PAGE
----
The Weil Institute, the UCLA Critical Care Center, and the MCIRCC are four such institutions that focus on integrated approaches to patient care. These institutions are advancing the science of critical care and have been at the forefront of innovative research for years. This article will discuss the Weil Institute, MCIRCC, PRIMER, and the UCLA Critical Care Center. We also describe their goals and their impact on patient care.
The Weil Institute for Integrative Research in Critical Care is a Michigan Medicine-based institution dedicated to the study of the causes and treatment of critical illness and injury. Its name honors the family of Dr. Weil, who was one of the nation’s foremost innovators in the field of medicine. The Institute’s research will advance patient care in major areas of critical care, including trauma, COVID-19, and cardiac arrest.
With a mission of transforming critical care medicine, the Weil Institute has created a unique formula for success. This formula combines innovation, entrepreneurship, and industry partners to develop groundbreaking solutions that improve the care and quality of life of critically ill patients. The Weil Institute is dedicated to advancing the field of medicine through innovation and interdisciplinary team science. To achieve success, the Institute engages industry partners, donors, and industrial partners in the development of new therapies and technologies.
The Michigan Center for Integrative Research in Critical Care (MCIRCC) is a multidisciplinary institute dedicated to developing innovative technologies for patients in critical care settings. Founded just over four years ago, this research institute has spun out eight companies and licensed 14 products. The team is made up of clinicians, nurses, and basic scientists who collaborate in the design, execution, and data analysis of research projects.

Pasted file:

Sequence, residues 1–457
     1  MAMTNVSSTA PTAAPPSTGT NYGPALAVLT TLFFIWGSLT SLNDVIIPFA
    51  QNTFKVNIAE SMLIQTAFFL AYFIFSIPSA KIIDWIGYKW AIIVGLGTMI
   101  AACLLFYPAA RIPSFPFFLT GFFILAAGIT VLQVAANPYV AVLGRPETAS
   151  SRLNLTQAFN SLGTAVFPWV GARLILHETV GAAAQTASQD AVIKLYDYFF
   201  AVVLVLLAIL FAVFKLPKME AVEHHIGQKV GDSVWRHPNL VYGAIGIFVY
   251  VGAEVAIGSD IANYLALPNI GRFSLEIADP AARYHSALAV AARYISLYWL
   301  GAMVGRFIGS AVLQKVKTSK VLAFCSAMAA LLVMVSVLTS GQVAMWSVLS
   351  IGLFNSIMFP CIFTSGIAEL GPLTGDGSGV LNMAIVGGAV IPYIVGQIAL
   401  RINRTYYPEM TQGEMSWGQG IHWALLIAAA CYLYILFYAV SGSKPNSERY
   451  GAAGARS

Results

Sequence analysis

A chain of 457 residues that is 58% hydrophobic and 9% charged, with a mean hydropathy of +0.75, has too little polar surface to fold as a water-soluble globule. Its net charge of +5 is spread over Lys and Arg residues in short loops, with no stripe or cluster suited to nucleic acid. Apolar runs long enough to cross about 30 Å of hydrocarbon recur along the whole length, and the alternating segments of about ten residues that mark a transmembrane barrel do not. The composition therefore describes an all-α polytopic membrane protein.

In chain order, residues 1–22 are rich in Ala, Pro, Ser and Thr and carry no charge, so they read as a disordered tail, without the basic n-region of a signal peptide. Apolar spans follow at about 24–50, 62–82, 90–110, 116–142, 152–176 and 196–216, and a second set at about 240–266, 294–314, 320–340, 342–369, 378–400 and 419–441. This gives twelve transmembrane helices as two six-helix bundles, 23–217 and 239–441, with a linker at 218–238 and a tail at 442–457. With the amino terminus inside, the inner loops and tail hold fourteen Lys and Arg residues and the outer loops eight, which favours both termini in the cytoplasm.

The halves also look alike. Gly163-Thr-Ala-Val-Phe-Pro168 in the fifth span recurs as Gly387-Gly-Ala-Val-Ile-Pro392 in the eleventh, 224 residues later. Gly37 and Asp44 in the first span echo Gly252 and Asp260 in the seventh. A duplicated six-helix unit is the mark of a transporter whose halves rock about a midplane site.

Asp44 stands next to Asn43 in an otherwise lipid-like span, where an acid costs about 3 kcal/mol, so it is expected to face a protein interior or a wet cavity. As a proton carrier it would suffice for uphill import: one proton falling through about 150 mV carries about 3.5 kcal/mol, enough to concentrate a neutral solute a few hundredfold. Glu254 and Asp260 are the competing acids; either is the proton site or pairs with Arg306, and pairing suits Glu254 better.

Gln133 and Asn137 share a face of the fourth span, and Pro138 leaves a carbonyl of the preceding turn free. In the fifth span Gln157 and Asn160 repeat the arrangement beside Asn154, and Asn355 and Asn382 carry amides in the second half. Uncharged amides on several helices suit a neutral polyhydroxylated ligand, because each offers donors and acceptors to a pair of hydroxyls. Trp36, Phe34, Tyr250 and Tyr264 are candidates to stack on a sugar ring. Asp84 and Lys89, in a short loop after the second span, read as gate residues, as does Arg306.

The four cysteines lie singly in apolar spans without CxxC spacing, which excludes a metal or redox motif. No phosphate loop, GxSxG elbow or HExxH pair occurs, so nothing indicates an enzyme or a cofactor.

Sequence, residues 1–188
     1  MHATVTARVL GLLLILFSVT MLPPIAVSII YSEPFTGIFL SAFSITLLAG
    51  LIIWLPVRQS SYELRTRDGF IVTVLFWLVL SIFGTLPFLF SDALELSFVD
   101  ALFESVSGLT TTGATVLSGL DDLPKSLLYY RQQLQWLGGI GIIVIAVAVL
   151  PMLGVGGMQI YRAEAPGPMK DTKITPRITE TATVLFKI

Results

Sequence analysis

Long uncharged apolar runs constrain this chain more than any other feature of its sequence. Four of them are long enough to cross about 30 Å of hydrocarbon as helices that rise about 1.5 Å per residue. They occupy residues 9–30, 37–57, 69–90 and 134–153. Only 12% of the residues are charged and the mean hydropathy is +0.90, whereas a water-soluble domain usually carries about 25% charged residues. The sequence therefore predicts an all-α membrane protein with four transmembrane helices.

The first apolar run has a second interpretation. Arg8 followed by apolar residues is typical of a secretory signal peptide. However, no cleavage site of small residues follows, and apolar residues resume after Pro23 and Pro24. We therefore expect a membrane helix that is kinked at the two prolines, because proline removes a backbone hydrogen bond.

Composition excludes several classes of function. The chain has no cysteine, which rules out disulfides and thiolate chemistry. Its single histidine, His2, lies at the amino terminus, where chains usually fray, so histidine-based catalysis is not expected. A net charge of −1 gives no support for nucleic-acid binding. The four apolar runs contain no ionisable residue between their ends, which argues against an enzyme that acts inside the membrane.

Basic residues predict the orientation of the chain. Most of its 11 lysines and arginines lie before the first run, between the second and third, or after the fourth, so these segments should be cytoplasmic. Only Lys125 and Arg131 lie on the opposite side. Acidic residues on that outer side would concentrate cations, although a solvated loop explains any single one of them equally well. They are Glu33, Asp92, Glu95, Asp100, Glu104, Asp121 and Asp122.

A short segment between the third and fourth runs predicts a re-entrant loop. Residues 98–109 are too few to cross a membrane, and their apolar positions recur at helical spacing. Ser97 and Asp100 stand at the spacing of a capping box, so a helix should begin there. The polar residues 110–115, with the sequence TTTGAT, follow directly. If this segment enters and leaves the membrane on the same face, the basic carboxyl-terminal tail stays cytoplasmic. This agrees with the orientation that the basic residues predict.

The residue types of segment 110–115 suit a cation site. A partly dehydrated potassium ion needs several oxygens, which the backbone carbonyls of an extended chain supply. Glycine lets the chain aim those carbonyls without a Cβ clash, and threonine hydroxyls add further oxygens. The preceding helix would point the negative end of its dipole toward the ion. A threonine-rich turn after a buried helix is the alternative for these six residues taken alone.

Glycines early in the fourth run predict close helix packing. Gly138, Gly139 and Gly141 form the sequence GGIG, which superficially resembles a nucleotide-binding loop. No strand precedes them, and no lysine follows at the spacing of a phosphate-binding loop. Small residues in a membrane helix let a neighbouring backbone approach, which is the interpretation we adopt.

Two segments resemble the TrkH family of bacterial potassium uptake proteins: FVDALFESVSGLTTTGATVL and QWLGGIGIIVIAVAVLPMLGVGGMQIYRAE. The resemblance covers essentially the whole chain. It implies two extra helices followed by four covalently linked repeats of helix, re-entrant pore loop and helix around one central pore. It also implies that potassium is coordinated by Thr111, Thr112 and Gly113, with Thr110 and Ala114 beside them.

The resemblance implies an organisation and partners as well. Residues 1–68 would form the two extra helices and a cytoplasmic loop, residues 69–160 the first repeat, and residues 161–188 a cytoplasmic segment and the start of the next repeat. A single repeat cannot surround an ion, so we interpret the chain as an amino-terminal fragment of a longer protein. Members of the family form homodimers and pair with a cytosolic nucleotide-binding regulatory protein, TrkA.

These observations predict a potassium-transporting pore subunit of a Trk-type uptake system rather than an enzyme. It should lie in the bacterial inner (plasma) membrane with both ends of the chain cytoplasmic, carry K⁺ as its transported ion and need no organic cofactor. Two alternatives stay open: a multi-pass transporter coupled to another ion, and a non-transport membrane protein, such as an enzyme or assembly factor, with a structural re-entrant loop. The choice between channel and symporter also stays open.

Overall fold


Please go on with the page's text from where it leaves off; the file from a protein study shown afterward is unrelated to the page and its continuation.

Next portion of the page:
Located on the U-M campus, the M-CIRCC is an integral part of the University of Michigan’s world-class research enterprise. It focuses on integrating basic science and engineering with critical illness and injury research. The results of this research can benefit patients and improve their care. MCIRCC researchers also partner with the Cardiovascular Center Clinical Research Group to accelerate research translation from the laboratory to the battlefield.
The new PRIMER Center for Integrative Research in Clinical Care at the Medical College of Virginia includes two major additions to the university: an ICU facility for large animals that can serve as viable models of human disease and a data science team that develops advanced analytics software for critical care patient beds. These advances can be used both for research and clinical needs. The center also offers funding opportunities to help researchers tackle some of the largest challenges in critical care, and it aims to reward those who are bold enough to develop solutions to them.
The M-CIRCC is unique in that it is broad-based and integrative among all critical care specialties. It also involves strong collaborations with other universities, such as the College of Engineering on the north campus. The MCIRCC also helps researchers streamline the clinical research process, including the development of IRB protocols, patient engagement, data collection, and data analysis. By bringing together these disciplines, the MCIRCC can accelerate research, develop innovative treatments, and improve patient care.
UCLA Critical Care Center
The UCLA Critical Care Center for Integrative Research in Clinical Practice and Education is a multidisciplinary team that consists of multiple backgrounds in the fields of medicine and critical care. Its goal is to create new knowledge about critical illnesses and new treatments for them, and to foster interdisciplinary excellence in patient care, medical education, and research in the field. By focusing on critical care and its integration with other disciplines, UCLA aims to improve patient safety.
The program is unique in its mission to train fellows to become leaders in clinical and academic medicine. Fellows will be trained in both pediatric and adult critical care. The fellows will be trained in both areas and work side by side with senior fellows of both programs. The fellows will have a well-rounded experience as they work alongside senior residents and medical students in the intensive care unit. The program focuses on teaching medical students, while offering a structured experience in comprehensive evaluation and care of critically ill patients. The fellows will also participate in weekend rounding and increase their independence under a critical care attending physician.